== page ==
Malema ANC hearing stays in Johannesburg after clashes
South Africa's ruling ANC has said the disciplinary hearing of youth leader Julius Malema will continue at its headquarters despite Tuesday's clashes.
Thousands of Mr Malema's supporters had protested outside the Johannesburg building, throwing stones at police who responded with stun grenades.
Mr Malema, who is seen as an obstacle to President Jacob Zuma, is accused of bringing the party into disrepute.
He has urged his supporters gathered in the city to show restraint.
Thousands of them spent most of Tuesday outside Luthuli House, chanting, setting fire to rubbish, burning the party flag and images of Mr Zuma, and throwing stones at police.
One police officer and several journalists were injured in the clashes.
The ANC had said the hearing would be moved to a secret location to avoid further violence.
But on Wednesday, spokesman Jackson Mthembu told reporters: "The hearing will continue in the city today, but if what we saw yesterday continues, then it will move to the location we spoke about yesterday."
Mr Malema, 30, is a fierce critic of Mr Zuma and has long been a controversial figure, but he also brings some 350,000 voters to the ANC through the Youth League.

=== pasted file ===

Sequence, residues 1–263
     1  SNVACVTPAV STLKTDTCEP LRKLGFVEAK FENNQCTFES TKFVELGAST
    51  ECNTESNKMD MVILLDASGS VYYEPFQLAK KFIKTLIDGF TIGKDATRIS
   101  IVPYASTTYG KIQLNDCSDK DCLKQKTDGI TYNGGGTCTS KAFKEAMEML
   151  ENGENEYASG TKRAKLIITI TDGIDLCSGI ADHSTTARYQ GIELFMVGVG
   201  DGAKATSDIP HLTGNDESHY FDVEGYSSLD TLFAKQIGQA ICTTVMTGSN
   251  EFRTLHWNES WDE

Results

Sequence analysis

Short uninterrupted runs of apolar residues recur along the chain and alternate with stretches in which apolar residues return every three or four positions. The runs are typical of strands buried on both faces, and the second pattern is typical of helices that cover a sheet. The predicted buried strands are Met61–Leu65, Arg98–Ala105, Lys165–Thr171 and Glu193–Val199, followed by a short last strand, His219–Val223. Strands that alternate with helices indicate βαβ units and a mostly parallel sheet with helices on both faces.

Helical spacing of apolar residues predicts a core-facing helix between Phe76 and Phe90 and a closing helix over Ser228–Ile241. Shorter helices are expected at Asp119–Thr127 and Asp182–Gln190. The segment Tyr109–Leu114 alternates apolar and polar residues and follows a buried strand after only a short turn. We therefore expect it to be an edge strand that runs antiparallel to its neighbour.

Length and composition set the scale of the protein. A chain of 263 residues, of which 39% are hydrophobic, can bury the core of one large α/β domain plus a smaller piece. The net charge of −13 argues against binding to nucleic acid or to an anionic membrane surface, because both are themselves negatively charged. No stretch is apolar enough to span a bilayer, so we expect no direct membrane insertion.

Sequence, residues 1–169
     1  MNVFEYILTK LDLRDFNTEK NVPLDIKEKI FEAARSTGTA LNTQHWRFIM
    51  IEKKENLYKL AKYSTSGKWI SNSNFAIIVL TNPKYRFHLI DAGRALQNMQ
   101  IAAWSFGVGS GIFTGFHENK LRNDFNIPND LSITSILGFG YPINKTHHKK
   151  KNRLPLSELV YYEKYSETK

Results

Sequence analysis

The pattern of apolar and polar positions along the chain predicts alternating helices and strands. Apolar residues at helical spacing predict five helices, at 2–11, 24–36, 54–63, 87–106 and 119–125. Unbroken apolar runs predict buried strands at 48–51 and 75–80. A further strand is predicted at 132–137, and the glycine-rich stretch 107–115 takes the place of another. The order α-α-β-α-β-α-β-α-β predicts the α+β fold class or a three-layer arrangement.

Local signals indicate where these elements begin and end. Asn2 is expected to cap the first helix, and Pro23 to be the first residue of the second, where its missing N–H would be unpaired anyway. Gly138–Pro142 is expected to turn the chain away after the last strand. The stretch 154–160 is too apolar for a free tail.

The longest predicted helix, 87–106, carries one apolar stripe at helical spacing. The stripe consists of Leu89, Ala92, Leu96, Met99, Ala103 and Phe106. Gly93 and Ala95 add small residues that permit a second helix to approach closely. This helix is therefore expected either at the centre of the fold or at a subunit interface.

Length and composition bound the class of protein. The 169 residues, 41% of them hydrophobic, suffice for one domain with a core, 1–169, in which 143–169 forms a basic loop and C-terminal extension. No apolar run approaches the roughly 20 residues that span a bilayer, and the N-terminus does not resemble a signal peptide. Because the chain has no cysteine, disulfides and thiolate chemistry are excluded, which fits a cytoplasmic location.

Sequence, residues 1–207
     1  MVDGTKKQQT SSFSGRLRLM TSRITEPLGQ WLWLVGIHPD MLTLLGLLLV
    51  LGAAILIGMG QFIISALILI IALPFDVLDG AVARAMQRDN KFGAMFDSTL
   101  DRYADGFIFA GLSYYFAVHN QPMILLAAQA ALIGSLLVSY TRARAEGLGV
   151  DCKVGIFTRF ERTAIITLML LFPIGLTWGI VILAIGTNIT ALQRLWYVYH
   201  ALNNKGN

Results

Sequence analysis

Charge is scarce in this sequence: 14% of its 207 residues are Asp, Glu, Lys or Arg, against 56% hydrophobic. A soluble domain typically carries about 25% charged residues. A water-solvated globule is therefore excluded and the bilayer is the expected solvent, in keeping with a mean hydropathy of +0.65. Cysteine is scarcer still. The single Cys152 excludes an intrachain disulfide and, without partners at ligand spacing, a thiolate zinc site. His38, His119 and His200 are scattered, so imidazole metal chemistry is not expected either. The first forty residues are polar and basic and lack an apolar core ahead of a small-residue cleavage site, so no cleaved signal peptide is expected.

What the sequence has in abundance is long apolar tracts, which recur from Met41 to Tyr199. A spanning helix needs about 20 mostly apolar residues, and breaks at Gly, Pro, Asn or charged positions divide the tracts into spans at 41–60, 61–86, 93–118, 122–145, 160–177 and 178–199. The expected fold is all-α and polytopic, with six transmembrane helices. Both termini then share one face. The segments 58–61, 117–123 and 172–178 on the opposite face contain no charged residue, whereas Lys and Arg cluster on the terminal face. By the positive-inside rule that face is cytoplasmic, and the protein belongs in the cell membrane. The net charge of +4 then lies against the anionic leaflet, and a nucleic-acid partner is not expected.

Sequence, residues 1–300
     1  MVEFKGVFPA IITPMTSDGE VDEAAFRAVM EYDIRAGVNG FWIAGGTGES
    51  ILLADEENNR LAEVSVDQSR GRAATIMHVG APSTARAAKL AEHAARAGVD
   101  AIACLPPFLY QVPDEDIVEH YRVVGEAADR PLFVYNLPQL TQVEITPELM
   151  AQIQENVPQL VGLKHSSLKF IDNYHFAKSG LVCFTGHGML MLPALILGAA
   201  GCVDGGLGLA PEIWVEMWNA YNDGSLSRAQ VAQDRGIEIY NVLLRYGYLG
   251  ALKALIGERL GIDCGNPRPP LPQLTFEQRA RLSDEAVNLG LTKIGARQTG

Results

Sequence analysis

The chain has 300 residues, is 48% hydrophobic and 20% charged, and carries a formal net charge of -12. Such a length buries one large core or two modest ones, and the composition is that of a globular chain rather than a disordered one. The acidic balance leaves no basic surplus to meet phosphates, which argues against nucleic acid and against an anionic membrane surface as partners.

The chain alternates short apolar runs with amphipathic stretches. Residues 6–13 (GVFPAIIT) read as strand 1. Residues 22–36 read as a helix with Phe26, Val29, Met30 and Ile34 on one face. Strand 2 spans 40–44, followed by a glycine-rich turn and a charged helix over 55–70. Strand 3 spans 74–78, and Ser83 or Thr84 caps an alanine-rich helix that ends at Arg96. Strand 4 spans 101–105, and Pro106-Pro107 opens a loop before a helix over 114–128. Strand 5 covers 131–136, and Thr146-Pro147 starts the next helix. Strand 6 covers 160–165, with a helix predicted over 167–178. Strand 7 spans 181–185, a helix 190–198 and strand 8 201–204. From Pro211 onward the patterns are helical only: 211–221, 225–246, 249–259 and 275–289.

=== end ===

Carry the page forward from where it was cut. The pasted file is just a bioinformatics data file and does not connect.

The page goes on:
He is accused of "sowing divisions" in the party and bringing it into disrepute by calling for Botswana's government to be overthrown. If the hearing finds against him, he could be expelled from the party.
Five other ANC Youth League officials face the same charges.
Mr Malema, who is also under a separate investigation for alleged fraud and corruption, says he will accept the committee's ruling.
He left Luthuli House briefly on Tuesday to call for calm and to criticise the burning of ANC flags by some protesters.
"You are here because you love the ANC. We must exercise restraint," he told supporters. "We cannot burn ourselves."
The closed-door disciplinary hearing, which could go on for several days, sets the scene for the party's leadership contest next year.
The BBC's Karen Allen says Mr Malema is seen as an impediment to Mr Zuma's bid for re-election, with his firebrand style making the president appear weak.
However, veterans of the ANC's struggle against apartheid have said they will not allow the country to slip into what they called "the dark days of war", says our correspondent - a signal that the party may be preparing to clamp down hard on Mr Malema.